Legislative committees in fact heard several bills addressing substance use disorders this week. Senate Health & Long Term Care heard SB 6228 (Dhingra, D-45) which increases access to substance use disorder treatment by, among other provisions, requiring health plans to cover inpatient treatment and ground ambulance transportation. This is a far more moderate approach than Senator Dhingra had taken before. Last session, Senator Dhingra (D-45), who is also a candidate for Attorney General, sponsored a substance abuse bill, SB 5624, that in part would have decriminalized drugs. That bill, while still alive in the second year of the biennium, does not appear to have the support to move. Rep. Davis (D-32), a passionate advocate for substance use disorder treatment, also had a bill up in House Health Care & Wellness this week. HB 2319 impacts discharge policies, counseling options, health plan coverage, and continuation of medication. HB 2112, sponsored by newly appointed Rep. Greg Nance (D-23) received a vote out of the House Postsecondary Education & Workforce committee this week as well. The bill requires public and private institutions of higher education to provide opioid and fentanyl prevention education, naloxone and fentanyl strips, and education to provide those tools in residence halls.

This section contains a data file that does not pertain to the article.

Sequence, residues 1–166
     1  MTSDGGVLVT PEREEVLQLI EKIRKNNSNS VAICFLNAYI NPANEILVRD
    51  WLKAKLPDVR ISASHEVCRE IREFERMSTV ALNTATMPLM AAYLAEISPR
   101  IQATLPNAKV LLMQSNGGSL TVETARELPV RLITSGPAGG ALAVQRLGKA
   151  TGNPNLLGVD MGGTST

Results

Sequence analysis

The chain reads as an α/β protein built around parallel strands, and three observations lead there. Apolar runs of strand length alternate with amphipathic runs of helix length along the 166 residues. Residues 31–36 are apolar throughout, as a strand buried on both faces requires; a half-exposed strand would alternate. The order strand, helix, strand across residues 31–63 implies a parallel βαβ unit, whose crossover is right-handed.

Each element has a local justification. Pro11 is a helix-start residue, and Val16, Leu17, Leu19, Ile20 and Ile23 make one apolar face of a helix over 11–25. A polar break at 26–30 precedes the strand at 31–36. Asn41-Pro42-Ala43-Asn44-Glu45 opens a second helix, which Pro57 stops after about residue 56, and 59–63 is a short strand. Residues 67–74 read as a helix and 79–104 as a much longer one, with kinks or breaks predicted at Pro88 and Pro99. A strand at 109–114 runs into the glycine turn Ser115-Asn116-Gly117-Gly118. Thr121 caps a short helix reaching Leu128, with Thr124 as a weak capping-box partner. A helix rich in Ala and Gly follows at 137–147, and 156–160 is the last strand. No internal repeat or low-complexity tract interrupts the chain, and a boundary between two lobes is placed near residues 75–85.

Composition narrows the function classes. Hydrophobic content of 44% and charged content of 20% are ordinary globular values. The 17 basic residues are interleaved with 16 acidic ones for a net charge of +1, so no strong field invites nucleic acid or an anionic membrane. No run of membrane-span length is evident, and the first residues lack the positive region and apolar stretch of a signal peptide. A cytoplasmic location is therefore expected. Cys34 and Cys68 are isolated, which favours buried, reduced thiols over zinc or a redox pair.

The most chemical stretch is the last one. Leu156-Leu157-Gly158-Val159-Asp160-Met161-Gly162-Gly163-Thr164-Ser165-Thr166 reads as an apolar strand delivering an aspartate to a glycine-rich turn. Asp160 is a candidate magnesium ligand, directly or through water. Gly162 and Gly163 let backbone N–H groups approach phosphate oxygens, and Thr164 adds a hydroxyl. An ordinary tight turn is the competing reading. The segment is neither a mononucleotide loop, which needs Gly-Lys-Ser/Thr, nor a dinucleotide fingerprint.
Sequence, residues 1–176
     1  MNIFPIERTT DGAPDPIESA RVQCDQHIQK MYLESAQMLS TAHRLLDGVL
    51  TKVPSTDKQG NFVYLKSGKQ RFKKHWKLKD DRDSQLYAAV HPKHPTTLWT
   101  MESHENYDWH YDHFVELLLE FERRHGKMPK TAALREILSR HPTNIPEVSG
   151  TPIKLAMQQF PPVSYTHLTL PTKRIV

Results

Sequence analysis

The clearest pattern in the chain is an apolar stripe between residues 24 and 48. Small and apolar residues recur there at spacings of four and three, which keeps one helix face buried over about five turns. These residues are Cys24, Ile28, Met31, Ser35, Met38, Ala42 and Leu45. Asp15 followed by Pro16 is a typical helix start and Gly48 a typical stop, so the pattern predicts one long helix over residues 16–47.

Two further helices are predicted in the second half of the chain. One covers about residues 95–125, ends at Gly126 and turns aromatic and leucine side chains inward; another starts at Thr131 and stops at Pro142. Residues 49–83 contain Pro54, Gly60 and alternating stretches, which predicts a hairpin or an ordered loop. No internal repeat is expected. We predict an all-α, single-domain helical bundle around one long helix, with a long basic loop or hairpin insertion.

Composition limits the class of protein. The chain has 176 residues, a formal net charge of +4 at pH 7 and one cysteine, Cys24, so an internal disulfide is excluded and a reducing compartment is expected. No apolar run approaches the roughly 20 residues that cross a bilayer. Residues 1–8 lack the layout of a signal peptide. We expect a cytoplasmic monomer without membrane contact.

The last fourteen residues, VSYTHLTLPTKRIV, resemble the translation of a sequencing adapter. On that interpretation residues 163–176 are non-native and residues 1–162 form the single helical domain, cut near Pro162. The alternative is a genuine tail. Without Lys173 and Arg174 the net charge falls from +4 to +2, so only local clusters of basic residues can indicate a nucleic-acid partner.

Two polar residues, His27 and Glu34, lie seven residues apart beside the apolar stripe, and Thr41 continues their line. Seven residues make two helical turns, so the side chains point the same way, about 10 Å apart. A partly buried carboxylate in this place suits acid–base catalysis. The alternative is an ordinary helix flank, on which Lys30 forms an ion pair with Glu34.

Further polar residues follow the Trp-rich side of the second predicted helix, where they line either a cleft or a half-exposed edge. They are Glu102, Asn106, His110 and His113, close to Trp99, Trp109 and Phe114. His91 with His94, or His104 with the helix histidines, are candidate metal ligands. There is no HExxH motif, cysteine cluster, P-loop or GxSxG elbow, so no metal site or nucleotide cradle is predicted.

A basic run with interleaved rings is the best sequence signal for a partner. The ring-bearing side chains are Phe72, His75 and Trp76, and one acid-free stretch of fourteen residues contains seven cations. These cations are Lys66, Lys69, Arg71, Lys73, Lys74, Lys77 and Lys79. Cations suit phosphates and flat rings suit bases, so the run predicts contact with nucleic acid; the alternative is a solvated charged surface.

Addressing the Housing and Homelessness Issue

The immense volume of housing-related bills this biennium is a testament to bipartisan interest in addressing the housing and homelessness issue. Of the 3,400 total bills this biennium, over 700 focus on housing, and nearly 30% of all bills mention housing. On Tuesday, the House Housing committee heard popular HB 2270 (Morgan, D-29). The bill Directs the Office of Financial Management to contract for a study to help facilitate the transition of state housing programs to a new state agency, a Department of Housing, and identify gaps in current state housing programs. This bill is uniquely supported by the entities usually at war with each other over housing, including the Association of Washington Business, residential property managers, and the Washington Low Income Housing Alliance. passed today in the Washington State Senate on a 29-20 bipartisan vote. On Wednesday, the Senate passed SB 5334 (Lovelett, D-40) 29-20, a measure that would allow counties or cities to adopt an excise tax on the sale of lodging of short-term rentals. The revenue would be dedicated to affordable housing programs, including homeless housing assistance, temporary shelters, and other services. In 2019, Harvard Business Review found that the rise of short-term rentals is directly tied to rising rents.